Making the State’s General Taxes More Productive
To assess how the revenue/expenditure gap in FY 2024-25 could be narrowed with tax increases as part of the remedy, the Center modeled several scenarios. The size of the gap suggests that only the state’s two biggest revenue resources – income and sales taxes – would generate enough money to make a difference. Doubling excise taxes on cigarettes, beer, wine and spirits, for instance, would raise an extra $147.5 million in FY 2024-25, about 4 percent of the gap. While this does not preclude the inclusion of these taxes in a comprehensive revenue-raising package, they cannot work as a centerpiece. Simply raising income and sales tax rates also does not offer a permanent solution to Colorado’s long-term structural deficit because it does not change the slope of the revenue growth curve. While raising rates can generate a lot of additional money, doing this merely shifts the revenue curve upward in a parallel fashion, postponing the year in which expenditures once again outstrip available tax dollars. The Center modeled a scenario in which individual and corporate income tax rates are raised from the current flat rate of 4.63 percent to 5 percent, where they stood in 1999. The model also restores the state sales and use tax rates, currently 2.9 percent, to their 2000 level of 3 percent. Together, these changes would generate an extra $907.3 million in FY 2024-25, about 26 percent of the gap. A graduated individual income tax could (individual income only) address the structural $20,000,000,000 problem by taking $18,000,000,000 advantage of $16,000,000,000 Colorado’s greater $14,000,000,000 percentage of $12,000,000,000 taxpayers with $10,000,000,000 incomes above the national average. $8,000,000,000 Taxing higher-income $6,000,000,000 households at higher $4,000,000,000 rates would bend the $2,000,000,000 revenue curve upward $if the top bracket 11-12 12-13 13-14 14-15 15-16 16-17 17-18 18-19 19-20 20-21 21-22 22-23 23-24 24-25 grows faster than the Fiscal Year overall income base. Baseline General Fund Revenue Forecast To illustrate how the Total Expenditures (including SB 09-228 transfers) FY 2024-25 gap could Net General Fund Revenue Forecast with Graduated Income Tax Option nearly be closed with a graduated income tax, the Center modeled a scenario that taxes the first $50,000 of taxable income at the current rate of 4.63 percent, the next $50,000 at 5 percent, the next $100,000 at 6 percent and any income greater than $200,000 at 8 percent. This would generate an additional $3.3 billion, closing 97 percent of the gap in FY 2024-25. This scenario, as seen in the chart above, actually would produce more revenue than needed in most years. Colorado had a graduated income tax from 1937 until the flat tax was adopted in 1987.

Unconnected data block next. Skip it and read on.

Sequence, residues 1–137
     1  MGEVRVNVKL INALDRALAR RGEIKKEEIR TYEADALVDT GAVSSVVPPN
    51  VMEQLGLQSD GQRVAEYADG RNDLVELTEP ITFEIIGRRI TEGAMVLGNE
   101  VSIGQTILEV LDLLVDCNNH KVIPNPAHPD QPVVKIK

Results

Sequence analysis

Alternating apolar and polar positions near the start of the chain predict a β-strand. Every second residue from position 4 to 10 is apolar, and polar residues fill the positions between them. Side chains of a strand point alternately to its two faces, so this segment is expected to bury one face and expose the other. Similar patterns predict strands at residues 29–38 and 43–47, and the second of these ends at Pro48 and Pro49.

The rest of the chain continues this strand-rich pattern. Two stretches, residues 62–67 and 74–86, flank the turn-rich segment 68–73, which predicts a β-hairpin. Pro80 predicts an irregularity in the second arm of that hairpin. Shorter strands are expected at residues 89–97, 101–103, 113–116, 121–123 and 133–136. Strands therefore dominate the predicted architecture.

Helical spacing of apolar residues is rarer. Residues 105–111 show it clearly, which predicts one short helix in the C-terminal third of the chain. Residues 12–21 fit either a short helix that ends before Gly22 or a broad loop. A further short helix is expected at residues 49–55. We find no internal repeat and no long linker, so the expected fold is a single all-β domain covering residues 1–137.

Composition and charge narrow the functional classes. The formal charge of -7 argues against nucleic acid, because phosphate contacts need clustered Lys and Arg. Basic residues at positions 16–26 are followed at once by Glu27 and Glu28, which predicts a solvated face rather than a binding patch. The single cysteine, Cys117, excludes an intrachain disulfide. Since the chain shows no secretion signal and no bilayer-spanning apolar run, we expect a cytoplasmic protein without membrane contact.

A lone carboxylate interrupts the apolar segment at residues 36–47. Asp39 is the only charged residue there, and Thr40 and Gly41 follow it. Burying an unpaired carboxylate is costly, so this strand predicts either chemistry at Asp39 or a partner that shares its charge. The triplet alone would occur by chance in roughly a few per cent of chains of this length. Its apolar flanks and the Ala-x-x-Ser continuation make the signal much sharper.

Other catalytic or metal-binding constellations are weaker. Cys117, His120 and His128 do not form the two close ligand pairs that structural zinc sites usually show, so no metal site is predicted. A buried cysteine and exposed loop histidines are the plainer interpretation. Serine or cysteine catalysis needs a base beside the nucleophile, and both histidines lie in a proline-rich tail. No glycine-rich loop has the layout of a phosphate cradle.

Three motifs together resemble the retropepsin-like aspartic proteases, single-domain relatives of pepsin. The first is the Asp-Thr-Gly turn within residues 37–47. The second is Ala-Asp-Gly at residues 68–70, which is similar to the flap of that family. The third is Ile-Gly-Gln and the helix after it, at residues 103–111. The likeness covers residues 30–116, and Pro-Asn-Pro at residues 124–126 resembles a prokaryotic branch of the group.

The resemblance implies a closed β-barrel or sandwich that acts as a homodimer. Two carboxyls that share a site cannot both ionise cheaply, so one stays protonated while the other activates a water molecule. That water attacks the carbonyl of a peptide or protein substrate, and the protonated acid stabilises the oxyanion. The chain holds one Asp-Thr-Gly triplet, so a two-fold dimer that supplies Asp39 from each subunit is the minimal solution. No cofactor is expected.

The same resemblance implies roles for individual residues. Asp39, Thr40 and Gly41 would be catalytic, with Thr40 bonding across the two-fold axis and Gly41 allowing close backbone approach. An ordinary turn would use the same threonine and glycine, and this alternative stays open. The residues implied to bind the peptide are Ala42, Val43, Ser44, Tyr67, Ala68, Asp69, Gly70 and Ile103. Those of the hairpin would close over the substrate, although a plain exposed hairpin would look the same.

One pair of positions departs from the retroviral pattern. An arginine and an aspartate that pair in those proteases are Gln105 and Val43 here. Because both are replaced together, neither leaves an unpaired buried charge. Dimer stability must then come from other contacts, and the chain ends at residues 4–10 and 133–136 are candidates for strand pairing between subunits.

Revenue Option: Graduated Income Tax

The Center also modeled the application of the state sales tax to more services, recognizing that Colorado taxes fewer services than most states and that the service sector contributes about 80 percent of economic output in Colorado, as measured by state gross domestic product. Broadening the sales tax base is one way that the revenue growth curve
6

Total General Fund Revenue